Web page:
“Being elite athletes, we’re trying to get these tiny percents better, and I think living on the road and just being at the mercy of hotels and whatever food they put out is maybe the biggest percentage of where we’re missing,” she says.
Still, Stephen, who prefers foods that make her feel good, acknowledges, “My heart still hurts a little bit when somebody bakes like a fresh loaf of bread.” And she loves cake and is a big-time gummy bear fan.
“Carrot cake that’s supposed to be really dense, it transfers pretty well to gluten free, so whenever those are options, I really love good carrot cake,” she says.
Cake is the sweet spot, too, for Meyers Taylor, a bobsled pilot going for her third Olympic medal. Specifically, red velvet cake. Her nutrition regimen calls for her to consume 1,700 calories per day in her quest to maintain her targeted weight, usually through lean proteins and vegetables.
But that red velvet cake — it was the only demand she had in the planning of her wedding.
“Growing up, most girls have this image of how they want their wedding to be and things like that,” says Meyers Taylor, who also favors wings and cheese fries for cheat meals. “I had none of that except for the cake I wanted, and that’s what I got. The cake was the first thing we ordered.”
Jamie Greubel Poser, a bobsled pilot competing in her second Olympics, often has similar struggles finding the more healthy options while traveling so often. When she joined the national team, she needed to add 20 pounds and is therefore on the “gain-and-maintain” plan, trying to eat more calories than she burns. And she acknowledges that can get a bit tricky on the road. But she still has her favorite cheat meal items: Key lime pie and creme brulee.
After a long stint on the road, the 2014 bronze medalist will hunt down an American favorite: chicken wings. Although she has found wings in Europe that can kind of satisfy that specific craving, it simply lacks the same zip — no ranch dressing, no Buffalo sauce.
“So as soon as I get home, a lot of times that’s the first thing that I’ll get is those flavors that are American and we’re really used to,” she says.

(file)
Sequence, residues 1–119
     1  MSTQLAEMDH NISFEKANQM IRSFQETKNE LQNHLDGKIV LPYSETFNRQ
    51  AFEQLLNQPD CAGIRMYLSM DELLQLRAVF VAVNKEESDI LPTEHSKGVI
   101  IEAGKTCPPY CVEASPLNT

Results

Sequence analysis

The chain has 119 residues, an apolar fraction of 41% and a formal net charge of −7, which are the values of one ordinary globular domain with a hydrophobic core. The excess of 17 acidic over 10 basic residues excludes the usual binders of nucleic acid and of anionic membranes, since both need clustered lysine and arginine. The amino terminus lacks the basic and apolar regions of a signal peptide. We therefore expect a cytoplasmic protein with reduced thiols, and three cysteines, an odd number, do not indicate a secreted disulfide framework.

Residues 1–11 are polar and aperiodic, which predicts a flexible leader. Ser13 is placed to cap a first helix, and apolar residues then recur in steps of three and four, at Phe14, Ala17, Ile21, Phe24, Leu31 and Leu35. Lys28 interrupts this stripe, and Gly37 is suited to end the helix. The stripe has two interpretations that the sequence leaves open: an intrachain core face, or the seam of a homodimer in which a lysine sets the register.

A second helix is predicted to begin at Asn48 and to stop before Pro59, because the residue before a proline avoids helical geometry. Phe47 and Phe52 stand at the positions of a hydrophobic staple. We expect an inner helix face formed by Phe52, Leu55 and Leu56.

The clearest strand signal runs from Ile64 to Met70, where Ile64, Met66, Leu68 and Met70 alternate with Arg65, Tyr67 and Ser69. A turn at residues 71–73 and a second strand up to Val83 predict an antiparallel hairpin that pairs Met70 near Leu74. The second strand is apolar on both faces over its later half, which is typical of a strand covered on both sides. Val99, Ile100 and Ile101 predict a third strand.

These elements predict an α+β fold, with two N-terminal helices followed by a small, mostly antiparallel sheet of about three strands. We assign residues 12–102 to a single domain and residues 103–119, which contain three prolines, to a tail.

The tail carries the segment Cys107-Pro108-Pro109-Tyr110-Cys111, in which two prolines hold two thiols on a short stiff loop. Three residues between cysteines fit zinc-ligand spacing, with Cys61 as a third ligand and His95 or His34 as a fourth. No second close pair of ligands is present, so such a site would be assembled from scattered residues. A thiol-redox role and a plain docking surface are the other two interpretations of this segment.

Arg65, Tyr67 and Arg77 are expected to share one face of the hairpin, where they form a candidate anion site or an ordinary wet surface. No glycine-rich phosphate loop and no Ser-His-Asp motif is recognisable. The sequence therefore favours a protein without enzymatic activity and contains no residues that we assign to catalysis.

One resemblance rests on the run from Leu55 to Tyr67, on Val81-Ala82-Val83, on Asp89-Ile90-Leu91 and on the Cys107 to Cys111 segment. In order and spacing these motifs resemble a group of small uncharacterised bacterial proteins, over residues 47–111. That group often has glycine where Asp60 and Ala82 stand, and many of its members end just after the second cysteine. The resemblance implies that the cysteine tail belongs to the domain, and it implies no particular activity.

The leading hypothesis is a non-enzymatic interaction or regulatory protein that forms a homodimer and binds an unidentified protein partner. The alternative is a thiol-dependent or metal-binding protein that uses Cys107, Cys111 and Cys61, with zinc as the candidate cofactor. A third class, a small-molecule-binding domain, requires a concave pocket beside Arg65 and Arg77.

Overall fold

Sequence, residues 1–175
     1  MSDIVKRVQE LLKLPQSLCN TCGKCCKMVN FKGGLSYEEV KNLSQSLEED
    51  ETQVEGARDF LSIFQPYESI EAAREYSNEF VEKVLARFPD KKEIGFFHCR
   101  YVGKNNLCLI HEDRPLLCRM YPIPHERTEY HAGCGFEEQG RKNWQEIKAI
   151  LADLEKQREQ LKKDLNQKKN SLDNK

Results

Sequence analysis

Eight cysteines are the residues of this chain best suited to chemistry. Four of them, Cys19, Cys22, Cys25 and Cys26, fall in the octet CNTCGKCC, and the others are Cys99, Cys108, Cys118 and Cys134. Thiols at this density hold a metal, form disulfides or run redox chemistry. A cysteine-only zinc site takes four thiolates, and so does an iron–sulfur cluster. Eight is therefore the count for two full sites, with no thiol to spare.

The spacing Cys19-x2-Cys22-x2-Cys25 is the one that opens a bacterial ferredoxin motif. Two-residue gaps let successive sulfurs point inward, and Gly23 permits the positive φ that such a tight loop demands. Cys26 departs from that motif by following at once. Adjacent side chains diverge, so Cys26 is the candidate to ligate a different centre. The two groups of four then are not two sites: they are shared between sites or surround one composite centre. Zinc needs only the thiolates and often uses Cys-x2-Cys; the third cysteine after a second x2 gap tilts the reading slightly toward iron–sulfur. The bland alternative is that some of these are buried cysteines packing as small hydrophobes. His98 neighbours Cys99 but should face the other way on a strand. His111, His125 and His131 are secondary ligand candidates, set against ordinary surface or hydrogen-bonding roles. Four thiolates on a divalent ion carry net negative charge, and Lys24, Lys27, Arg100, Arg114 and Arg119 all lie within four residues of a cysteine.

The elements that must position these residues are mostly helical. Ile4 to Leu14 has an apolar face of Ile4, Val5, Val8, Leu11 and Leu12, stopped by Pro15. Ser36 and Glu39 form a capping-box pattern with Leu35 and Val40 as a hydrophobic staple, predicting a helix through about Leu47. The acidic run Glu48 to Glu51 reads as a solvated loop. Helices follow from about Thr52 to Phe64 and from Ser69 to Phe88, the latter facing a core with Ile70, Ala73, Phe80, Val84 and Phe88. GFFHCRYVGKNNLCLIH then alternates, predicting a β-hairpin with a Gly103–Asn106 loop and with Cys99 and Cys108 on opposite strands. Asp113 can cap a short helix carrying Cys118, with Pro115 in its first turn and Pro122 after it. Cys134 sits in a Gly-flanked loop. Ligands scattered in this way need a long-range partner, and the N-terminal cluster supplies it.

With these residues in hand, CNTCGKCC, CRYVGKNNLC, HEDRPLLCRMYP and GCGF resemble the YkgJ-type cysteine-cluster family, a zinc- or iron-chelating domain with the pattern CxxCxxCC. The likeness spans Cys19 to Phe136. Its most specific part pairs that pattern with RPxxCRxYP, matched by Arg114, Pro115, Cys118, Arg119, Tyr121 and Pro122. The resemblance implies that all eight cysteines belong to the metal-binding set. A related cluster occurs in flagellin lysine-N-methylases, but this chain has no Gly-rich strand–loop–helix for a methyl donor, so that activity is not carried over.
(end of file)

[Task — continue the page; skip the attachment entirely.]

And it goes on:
For Nordic skier Sadie Bjornsen, a two-time Olympian, the cheat meal that beats all other cheat meals is nachos. The tortilla chips, in particular, are a favorite.
“It’s really hard to find tortilla chips in Europe, so my teammates have made it a tradition when I’m going through a tough time, I’ll find this bag of tortilla chips on my bed and it’s like the greatest thing ever because they’re not easy to find over there,” she says. “So they’re totally a secret love.”
Although Bjornsen has worked with a nutritionist the last two years to zero in on how to tailor her day-to-day intake based on her training loads — “every calorie really matters and the quality of the calorie matters,” she says — there is still room for the occasional snack bounty.
“That definitely doesn’t mean that I don’t have my fun cheat meals and my desserts and my rewards,” she says. “I think in those times when you’re training the hardest, that’s where those little rewards, whether it’s a brownie at night or a cookie after lunch, those things keep you going.”
Although these Olympic athletes are frequently disciplined about their food intake, there has to be a balance with satiating the cravings for comfort in whatever form that may take, Knight says.
“I think the biggest thing is people forget that we’re these crazy athletes with these athlete bodies and stuff, but it’s just important to feed the other side of it, and if there’s a piece of cake there, have the piece of cake,” Knight said. “You earned it. You only live once.”